RAISED FROM THE PIT – II

Arunima was hurrying to work that day. She had taken half the day off from work as she had been quite unwell the previous day. Now she had to reach school before the recess time was over.

‘Mumbai is so different from Kolkata’, sighed Arunima to herself, applying the brakes of her car, as the traffic light turned red. She was blessed enough to find this job just a month after shifting to Mumbai. But, the hustle and bustle of the tinseltown soon started wearing her off.

As she was going over the events of the last few months, she thanked God to have gifted Arnab as her husband. His transfer orders came suddenly and they had only a week’s time to pack up and leave. Arunima had never been to any city outside her home state before. Though she was a smart young woman of the day, she was quite apprehensive. Afterall, so much is heard about big cities being unsafe. Moreover, she would be so far from her family, friends and the surroundings in which she had spent her life till then. But, Arnab had been so very supportive in preparing her to embrace the change.

A faint smile spread across her lips as she remembered how loving Arnab was. It was then, just then, that her eyes caught this thin young boy moving from car to car with a few bunches of red roses, apparently trying to sell them. Immediately her friend’s words came to her mind – “Don’t entertain any strangers and don’t get swayed by any seemingly poor person in Mumbai. There are big rackets operating there. They know how to identify gullible people like you.”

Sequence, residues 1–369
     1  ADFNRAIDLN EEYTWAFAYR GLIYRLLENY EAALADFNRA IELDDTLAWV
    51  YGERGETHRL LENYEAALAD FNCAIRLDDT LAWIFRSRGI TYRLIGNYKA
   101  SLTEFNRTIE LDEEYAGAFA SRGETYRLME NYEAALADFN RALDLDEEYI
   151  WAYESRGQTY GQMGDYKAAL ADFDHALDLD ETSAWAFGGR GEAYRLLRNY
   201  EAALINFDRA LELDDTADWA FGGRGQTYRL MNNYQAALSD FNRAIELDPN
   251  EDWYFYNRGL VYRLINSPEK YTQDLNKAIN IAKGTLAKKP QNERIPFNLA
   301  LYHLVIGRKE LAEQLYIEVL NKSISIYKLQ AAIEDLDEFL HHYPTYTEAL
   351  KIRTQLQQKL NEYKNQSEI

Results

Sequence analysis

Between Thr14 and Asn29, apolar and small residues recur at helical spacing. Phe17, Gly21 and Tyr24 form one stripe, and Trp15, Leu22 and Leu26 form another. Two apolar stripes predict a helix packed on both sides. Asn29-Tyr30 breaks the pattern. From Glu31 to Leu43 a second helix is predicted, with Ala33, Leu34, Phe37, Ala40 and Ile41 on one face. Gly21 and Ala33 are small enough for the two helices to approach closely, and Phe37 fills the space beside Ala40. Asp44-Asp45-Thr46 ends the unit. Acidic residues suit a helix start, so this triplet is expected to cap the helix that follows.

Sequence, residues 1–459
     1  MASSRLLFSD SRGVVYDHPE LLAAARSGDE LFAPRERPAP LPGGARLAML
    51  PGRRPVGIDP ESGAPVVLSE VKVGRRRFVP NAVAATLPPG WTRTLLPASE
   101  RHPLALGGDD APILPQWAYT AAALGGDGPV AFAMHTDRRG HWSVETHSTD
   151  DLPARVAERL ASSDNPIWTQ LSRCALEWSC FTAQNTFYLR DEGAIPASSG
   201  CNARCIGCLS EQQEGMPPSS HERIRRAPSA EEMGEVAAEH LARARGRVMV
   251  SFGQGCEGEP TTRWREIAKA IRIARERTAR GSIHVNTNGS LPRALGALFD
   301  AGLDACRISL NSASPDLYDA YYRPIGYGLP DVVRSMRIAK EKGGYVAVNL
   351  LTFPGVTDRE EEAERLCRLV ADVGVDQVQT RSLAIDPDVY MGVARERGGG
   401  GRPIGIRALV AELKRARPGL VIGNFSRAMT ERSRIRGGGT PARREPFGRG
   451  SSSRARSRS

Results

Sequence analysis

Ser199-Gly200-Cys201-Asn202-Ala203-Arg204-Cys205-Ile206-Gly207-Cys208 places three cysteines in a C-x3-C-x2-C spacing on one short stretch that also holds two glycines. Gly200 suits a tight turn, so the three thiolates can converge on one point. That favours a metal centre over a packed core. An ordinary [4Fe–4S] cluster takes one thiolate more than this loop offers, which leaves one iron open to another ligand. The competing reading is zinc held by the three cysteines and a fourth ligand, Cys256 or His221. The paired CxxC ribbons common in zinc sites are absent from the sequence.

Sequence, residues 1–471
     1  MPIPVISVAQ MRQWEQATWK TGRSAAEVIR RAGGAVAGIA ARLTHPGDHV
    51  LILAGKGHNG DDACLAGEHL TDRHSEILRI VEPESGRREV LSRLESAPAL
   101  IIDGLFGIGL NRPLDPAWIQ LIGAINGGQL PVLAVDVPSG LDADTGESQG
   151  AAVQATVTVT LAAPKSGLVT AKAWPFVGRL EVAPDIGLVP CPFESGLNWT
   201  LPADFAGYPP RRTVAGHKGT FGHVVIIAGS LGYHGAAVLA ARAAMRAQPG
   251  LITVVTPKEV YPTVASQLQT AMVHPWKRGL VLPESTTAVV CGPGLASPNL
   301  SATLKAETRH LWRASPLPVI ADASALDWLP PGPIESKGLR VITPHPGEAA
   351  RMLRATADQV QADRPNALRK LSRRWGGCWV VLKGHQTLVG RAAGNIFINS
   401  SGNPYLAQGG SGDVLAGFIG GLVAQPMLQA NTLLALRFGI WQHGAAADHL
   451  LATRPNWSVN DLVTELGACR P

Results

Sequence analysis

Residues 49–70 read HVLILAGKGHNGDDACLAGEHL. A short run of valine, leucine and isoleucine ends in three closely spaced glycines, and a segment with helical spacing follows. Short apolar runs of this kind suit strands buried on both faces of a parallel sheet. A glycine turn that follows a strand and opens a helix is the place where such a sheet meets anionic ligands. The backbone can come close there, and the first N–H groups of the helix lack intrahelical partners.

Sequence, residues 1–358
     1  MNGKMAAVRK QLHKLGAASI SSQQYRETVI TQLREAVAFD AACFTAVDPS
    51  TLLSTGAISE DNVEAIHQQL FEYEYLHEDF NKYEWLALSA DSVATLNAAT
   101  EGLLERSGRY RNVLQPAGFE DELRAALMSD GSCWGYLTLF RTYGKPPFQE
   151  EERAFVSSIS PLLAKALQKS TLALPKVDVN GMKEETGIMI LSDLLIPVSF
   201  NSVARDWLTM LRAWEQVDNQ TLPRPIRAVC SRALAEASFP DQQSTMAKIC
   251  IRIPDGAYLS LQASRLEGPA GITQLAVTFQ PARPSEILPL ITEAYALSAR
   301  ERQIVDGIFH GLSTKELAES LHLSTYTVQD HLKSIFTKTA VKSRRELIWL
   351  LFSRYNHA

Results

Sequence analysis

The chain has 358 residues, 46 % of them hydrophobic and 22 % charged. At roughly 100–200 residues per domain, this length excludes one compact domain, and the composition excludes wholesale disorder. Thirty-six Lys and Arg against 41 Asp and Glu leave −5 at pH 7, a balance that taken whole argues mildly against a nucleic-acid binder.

As the boy approached her car, she quickly raised the glasses of her car window. The boy knocked for sometime on the window, trying to draw her attention. But, Arunima didn’t even look in that direction. After a few seconds, the lad turned away and walked to the car next to hers.

Arunima gazed at the boy’s retreating figure without any emotion. Just then the traffic light turned green and she sped away to her workplace without a second thought.

The next day, Arunima saw the boy again at the same traffic junction – the same red and blue chequered shirt and loose black trousers with bunches of red roses in his hands. The way he was approaching the people stuck in traffic was so different. Arunima observed from a distance, that the boy didn’t make a pitiable face. His demeanour was one of confidence, yet with a child-like innocence writ on his face.

He approached Arunima’s car. Today, she did not raise the glasses. ‘Ma’am would you like a bunch of roses for any loved one?’, the boy asked in chaste Marathi. Arunima had started picking up the nuances of the language of the city, a little. She looked at the boy and shook her head. Her eyes met his innocent eyes for a minute as he smiled understandingly and turned away.

That day, Arunima couldn’t take the boy out of her mind. Those innocent eyes, that dry smile pounded her heart.

Each day as Arunima left home for work, she would have the boy in her mind, hoping in her heart that he would be there at that traffic point. Even though she had not yet bought flowers from him and shook her head each day when he approached her car, the sight of him somewhat relieved her.

She grew curious about the boy with each passing day and thought of discussing with Arnab.